I know about PackageCompiler.
Thank you for that package, without it , I would have not considered using Julia.
I was wondering if there is a plan to have small exectable file that can easily be distributed for future Julia or PackageCompiler releases?
A lot of other programming languages (C/C++, Rust, Go, …etc) allow the creation of relatively small single exe file where Julia creates a lot of dll/exe files.
From my point of view (at least) that is one of the major feature missing from Julia.
Thank you for the link.
Indeed it looks like a really long way to go.
I believe it would have been good to integrate that feature at the very beginning when designing the language. It is a very common and useful thing.
Guess we will have to be very patient…
I disagree, and I think many people here do too. If we wanted to do small excecutables first, features and ease of use later, we would be inventing FORTRAN.
To me standalone would be nice, but it’s by no means a killer. Most people in my vicinity use MATLAB or Python, neither of which does standalone all that well, and the decisions that I like best about Julia are the ones that currently stop it from getting entirely ahead-of-time compiled. If the developers had chosen to focus on that instead, I would have had 0 reason to even look at Julia.
You are completely misinterpreting what I wrote. I never said it is a “killer”. I just said it is major missing feature (from my point of view only) and that it would have been good to integrate it from the beginning. You are making a lot of extrapolation…
Let’s get some context here. The reason why statically compiling Julia code is hard is because Julia is a dynamic language; specifically, anywhere you have dynamic dispatch points in your code (intentionally or by accident), the compiler typically cannot know what methods (and thus what code) will be called on the other side of the dynamic dispatch. So, unlike static languages like C or Fortran, it’s not guaranteed that a given valid Julia function can actually be fully statically compiled to machine code.
Of course, thanks to the power of Julia’s compilation tracing mechanisms, you can ask Julia’s compiler to tell you what methods were executed when running a piece of code that you care about, and you can use that information to compile the methods that you know you’ll need, although you’ll still need Julia’s runtime library available to ensure that dynamic dispatch still works.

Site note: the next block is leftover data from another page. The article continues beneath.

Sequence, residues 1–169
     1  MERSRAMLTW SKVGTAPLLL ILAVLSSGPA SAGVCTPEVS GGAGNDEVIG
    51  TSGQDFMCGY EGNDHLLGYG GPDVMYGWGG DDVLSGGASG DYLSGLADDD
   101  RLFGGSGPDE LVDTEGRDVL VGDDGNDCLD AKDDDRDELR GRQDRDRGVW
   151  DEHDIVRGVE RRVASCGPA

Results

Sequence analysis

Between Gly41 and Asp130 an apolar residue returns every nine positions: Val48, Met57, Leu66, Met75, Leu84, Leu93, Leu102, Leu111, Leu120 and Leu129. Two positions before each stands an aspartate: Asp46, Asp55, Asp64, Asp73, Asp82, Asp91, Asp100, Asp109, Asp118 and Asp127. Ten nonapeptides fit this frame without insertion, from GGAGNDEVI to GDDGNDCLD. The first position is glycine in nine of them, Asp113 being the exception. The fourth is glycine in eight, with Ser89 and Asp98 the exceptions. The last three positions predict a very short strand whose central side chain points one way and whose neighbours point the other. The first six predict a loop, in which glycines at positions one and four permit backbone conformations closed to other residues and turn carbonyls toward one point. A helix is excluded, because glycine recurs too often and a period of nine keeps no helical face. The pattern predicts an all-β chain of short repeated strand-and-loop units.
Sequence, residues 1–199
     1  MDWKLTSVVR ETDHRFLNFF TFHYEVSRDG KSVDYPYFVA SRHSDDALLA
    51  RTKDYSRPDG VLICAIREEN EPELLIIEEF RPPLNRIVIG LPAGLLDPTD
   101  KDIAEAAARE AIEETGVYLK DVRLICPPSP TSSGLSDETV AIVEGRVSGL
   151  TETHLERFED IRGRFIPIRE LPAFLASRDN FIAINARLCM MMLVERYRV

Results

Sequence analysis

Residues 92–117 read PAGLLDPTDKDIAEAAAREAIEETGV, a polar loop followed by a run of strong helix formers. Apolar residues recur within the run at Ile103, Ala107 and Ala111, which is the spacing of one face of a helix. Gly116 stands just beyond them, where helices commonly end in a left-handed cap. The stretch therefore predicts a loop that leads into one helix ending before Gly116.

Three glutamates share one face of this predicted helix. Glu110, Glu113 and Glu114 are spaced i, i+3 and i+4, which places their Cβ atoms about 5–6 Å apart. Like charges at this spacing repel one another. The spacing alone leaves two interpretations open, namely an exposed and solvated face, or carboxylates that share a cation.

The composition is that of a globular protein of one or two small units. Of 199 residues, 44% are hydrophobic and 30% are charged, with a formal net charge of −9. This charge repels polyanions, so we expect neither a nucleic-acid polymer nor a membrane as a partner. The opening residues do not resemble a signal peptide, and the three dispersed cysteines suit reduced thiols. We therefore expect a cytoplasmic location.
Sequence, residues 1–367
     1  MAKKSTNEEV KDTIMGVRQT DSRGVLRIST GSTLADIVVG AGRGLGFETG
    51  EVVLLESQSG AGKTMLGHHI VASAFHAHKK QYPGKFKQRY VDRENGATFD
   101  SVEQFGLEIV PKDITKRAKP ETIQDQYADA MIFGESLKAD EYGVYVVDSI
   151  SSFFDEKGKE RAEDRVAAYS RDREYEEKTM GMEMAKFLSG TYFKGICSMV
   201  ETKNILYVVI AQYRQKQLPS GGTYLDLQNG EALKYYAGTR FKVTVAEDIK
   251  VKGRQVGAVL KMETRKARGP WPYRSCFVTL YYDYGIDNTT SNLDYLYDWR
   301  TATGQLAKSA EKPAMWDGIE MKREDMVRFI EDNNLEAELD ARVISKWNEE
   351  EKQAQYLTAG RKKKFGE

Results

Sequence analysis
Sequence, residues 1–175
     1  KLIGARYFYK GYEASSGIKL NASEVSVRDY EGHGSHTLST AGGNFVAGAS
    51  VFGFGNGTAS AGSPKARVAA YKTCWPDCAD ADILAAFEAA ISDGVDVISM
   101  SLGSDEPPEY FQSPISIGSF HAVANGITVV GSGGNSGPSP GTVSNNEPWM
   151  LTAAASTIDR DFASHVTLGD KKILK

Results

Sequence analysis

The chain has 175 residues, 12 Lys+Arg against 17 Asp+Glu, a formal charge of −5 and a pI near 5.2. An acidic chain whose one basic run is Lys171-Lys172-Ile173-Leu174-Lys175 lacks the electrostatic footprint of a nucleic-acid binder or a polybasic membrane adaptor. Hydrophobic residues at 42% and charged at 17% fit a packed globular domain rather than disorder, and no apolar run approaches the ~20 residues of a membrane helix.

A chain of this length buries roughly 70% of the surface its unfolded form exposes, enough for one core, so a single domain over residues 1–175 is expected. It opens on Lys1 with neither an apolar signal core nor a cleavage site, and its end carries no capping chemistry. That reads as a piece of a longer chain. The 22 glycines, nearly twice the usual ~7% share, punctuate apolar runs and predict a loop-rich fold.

So why have dynamic dispatch at all? Dynamic dispatch is a core part of how the language works, and makes many code patterns possible. Without it, you couldn’t just print(obj) on your custom struct; you’d instead have to define some print_my_obj function every time, which is cumbersome. You’d also lose many kinds of composable patterns that are key to certain parts of the ecosystem.
The bottom line is that dynamic dispatch is here to stay, and so we need to work around it to make static compilation work. The work around isn’t easy, so static compilation is still work-in-progress until we figure out how to support it well.
To elaborate on this, when you make a new language, you pick a few principles and work from them. They are not all compatible. Some languages pick having strict rules for checking types and generating small binaries. Julia picked, among others, having an excellent interactive experience, which pretty much implies dynamic language, which in turn is at odds with easily generating small binaries. You’re basically telling us we should have picked a completely different set of principles to design a language from. Which is a fine opinion to have—and there are many languages that have chosen different principles. But it’s not like we just forgot or weren’t aware of compiling programs to small binaries.